I was reminded of the Chassidic Rebbe who apparently wore bells at the bottom of his clothing to warn little creatures he was approaching. Incidentally we were told a few times that Jains and Jews are the best business men around!

But back to Purim and Achashverosh…The Book of Esther is the only book of the Torah in which the main events are totally disconnected from the land of Israel. It’s a diaspora story set in the east, seemingly unrelated to anything Jewish. It however plausible and possible that there was an ancient connection between this empire and the Jews.

The mystical Rabbi Glazerson has proposed that the Brahman (of Hindu priesthood) is related to Abraham - they share the same letters. He also notes that Abraham sent some of his sons with gifts to the East: "to the concubine children, Abraham gave gifts then he sent them away from Isaac his son, while he was still alive, eastwards to the land of the east" (Genesis 25:6). The gifts that Abraham sent could well have included spiritual truths and insights. The Zohar Chadash writes that these children carried a spark of Abraham in their souls. We share common heritage with the people of the east.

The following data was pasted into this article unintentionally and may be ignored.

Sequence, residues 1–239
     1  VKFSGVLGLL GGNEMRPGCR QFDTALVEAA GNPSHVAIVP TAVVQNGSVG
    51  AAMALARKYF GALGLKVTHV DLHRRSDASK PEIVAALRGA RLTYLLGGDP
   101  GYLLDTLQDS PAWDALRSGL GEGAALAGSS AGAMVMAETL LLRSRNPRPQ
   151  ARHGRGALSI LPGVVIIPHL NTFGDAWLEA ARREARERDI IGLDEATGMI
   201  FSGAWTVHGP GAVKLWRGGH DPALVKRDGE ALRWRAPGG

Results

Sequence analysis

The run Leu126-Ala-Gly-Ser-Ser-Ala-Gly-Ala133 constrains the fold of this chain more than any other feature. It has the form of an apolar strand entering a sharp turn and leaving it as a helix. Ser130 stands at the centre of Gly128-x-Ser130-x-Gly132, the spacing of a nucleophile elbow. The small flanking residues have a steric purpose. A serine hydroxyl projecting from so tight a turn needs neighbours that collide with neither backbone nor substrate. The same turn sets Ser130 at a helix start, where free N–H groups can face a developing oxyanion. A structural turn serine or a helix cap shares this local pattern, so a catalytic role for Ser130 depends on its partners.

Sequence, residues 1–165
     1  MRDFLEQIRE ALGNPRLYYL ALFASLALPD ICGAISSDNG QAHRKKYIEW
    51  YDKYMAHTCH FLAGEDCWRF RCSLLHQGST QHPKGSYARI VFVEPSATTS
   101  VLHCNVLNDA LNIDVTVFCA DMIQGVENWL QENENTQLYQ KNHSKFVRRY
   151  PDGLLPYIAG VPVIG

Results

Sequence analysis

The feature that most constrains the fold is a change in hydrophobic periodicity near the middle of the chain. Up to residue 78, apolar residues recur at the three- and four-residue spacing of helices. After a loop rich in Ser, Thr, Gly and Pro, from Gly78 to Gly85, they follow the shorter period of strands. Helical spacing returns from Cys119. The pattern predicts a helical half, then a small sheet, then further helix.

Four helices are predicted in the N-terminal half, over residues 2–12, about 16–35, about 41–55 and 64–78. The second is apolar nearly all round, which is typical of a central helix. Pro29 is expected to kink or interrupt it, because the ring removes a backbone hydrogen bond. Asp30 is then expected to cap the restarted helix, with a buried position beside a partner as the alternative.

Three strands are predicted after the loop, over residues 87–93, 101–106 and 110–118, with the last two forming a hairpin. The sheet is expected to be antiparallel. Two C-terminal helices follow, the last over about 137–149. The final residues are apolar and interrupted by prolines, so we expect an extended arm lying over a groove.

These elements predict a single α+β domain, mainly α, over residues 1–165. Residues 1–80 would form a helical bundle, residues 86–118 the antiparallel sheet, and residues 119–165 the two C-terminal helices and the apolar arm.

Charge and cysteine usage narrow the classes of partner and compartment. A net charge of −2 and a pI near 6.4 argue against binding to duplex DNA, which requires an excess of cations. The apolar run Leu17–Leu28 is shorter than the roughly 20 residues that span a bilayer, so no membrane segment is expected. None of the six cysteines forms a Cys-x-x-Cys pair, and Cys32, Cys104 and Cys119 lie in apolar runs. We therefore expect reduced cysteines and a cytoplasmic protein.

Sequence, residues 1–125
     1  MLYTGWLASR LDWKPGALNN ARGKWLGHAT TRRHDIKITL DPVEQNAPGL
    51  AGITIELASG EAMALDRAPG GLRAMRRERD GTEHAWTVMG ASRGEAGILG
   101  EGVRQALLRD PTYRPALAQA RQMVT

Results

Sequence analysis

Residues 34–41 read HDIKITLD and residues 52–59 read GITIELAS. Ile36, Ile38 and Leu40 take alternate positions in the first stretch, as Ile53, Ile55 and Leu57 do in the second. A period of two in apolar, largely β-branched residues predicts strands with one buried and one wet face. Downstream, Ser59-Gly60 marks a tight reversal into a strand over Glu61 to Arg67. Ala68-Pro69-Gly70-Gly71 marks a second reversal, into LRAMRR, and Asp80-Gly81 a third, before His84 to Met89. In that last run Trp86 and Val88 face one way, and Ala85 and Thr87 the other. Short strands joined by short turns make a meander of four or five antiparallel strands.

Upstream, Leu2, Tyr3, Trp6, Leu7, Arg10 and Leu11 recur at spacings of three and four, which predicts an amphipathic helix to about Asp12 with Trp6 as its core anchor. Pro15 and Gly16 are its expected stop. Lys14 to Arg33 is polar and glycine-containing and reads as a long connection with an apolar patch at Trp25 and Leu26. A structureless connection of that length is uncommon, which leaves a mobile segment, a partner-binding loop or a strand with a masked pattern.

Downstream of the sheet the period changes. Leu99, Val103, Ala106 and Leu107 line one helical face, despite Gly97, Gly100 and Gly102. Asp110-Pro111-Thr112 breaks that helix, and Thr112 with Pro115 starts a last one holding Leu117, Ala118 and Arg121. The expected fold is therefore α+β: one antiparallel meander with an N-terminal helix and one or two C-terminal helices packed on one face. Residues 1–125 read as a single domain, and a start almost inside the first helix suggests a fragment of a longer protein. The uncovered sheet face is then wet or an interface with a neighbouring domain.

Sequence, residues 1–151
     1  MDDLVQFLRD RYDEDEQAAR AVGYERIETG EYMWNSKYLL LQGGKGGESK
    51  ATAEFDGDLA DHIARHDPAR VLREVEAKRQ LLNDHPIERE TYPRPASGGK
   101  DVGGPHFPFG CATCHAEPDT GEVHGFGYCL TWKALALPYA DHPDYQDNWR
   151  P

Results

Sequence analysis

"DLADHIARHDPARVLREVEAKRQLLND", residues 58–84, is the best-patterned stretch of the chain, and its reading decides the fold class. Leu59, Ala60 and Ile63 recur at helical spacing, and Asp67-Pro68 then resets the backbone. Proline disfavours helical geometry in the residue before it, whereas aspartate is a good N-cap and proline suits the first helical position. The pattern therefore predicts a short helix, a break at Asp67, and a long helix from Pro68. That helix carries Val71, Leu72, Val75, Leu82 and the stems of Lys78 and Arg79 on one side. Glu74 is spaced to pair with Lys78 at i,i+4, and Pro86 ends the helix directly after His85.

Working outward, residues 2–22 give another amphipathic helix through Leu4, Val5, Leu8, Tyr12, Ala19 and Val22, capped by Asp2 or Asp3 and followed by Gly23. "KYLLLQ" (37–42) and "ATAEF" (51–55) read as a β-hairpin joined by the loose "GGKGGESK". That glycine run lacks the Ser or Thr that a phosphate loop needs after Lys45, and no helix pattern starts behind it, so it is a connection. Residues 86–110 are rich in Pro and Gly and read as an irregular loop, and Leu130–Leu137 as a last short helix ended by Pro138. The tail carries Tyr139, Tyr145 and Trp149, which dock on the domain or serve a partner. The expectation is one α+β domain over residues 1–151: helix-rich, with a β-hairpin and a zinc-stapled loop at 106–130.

The Purim story is then about the merging of western and eastern consciousness. It’s also a reminder that perhaps we should spend less time worrying about our enemies across the Arab, European and contemporary Persian world and more on our potential allies on the Asian continent and sub-continent. After all the India (and China) are the most populated countries on earth. The Taj Mahal has been described as a gorgeous “tear drop on the cheek of eternity.” In my mind that is also a great description of the little book of Esther. Sometimes you need to travel east to understand eternity.

Purim 2013
Rabbi Genende